California's governor has said that deadly wildfires in the winter will be 'the new normal', as fire crews rushed to contain the fires, with dry desert winds expected to intensify over the weekend.
Governor Jerry Brown on Saturday toured Ventura County neighborhoods ravaged by a weeklong wildfire that killed at least one person and destroyed hundreds of homes and other buildings.
At a news conference, the Democrat said drought and climate change mean California faces a 'new reality' where lives and property are continually threatened by fire, at a cost of billions of dollars.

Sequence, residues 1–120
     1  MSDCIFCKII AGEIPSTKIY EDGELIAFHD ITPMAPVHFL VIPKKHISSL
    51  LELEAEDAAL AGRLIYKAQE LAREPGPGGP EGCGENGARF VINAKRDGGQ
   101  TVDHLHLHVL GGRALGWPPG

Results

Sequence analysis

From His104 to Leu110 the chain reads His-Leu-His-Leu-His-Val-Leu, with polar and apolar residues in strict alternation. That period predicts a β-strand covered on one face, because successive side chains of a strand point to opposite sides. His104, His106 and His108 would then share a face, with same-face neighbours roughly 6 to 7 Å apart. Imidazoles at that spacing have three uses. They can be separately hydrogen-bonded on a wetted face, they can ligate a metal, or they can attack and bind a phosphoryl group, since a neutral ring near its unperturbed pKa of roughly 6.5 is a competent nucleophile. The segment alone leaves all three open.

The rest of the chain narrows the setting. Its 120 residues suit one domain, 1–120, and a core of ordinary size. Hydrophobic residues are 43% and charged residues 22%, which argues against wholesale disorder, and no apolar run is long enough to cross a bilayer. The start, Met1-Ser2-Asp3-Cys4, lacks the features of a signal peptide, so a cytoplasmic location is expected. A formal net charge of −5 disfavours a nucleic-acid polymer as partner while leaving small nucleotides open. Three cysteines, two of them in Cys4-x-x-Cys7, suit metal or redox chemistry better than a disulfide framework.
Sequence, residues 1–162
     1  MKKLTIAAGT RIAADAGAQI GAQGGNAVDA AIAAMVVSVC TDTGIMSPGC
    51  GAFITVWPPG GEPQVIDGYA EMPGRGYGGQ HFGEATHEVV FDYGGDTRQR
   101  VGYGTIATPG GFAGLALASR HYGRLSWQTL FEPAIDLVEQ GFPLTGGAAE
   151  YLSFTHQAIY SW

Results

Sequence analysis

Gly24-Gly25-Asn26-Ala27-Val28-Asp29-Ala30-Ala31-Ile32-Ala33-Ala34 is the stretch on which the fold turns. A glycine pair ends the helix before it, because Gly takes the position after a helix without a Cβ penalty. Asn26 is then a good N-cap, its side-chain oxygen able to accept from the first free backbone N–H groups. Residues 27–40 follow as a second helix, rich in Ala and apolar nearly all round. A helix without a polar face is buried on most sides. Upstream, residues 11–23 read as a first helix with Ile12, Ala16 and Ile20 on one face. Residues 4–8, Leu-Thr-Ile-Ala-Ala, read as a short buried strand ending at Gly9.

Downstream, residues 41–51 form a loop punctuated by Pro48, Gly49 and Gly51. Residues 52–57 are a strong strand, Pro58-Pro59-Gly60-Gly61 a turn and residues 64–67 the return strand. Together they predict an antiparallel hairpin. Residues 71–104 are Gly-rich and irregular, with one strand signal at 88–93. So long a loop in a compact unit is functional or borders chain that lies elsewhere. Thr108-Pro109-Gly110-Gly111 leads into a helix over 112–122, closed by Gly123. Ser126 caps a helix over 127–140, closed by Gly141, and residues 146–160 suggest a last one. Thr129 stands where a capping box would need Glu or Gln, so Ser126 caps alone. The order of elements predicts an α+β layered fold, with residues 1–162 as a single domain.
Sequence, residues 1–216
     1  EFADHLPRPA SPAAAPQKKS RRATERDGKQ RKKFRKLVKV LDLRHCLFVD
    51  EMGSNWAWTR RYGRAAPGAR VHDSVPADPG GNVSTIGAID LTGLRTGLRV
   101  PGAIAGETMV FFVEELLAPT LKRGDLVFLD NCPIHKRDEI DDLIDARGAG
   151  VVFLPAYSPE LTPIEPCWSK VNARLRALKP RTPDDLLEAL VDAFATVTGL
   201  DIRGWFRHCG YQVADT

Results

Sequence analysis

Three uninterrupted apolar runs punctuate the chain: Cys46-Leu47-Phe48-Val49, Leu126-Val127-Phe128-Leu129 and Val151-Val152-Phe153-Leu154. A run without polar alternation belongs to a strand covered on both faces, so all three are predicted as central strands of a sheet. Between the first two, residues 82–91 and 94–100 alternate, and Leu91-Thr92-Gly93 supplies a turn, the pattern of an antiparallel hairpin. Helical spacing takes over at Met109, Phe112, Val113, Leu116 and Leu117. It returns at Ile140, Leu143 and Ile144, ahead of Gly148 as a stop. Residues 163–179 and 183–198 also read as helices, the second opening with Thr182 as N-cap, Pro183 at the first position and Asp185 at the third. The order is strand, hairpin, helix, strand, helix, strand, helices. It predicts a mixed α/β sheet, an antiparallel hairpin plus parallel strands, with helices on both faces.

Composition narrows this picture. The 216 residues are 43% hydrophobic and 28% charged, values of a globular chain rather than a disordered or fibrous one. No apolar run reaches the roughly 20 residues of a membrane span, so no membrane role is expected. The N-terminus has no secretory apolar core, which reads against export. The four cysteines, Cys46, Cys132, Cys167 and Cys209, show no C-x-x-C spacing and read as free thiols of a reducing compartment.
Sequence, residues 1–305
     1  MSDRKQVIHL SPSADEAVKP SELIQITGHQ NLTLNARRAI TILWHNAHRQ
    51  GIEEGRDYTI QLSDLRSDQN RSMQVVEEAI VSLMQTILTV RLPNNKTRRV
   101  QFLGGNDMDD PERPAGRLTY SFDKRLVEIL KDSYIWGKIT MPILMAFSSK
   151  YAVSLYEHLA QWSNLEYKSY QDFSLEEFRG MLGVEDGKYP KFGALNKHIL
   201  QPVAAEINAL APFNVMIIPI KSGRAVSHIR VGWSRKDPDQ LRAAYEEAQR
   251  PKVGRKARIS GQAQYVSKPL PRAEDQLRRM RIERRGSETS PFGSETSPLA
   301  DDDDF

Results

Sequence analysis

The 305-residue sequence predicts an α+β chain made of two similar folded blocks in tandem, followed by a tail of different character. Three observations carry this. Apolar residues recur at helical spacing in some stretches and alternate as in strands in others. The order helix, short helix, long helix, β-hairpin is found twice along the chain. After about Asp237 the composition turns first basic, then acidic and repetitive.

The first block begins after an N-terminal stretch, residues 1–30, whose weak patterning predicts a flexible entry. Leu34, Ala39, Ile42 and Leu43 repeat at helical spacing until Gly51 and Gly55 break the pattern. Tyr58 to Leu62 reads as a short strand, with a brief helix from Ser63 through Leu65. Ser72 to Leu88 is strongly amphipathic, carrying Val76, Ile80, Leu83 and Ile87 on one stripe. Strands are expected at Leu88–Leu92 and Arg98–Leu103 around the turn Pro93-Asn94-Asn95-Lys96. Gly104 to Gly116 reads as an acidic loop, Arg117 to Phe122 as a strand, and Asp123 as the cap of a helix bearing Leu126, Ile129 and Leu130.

He added that gusty winds and low humidity are continuing and warned that there's a good chance of seeing 'firefighting at Christmas'.
He said it will take 'heroic' efforts in the US and abroad to stem climate change and urged US lawmakers to pay more attention to dealing with natural disasters such as fires, floods and earthquakes.
Over the past week, six major wildfires have forced more than 200,000 people to flee and choked the air across much of the region.
Forecasters predict wind gusts to become more intense by Saturday night, challenging the 8,700 firefighters who have been battling the fast-moving blazes for five days.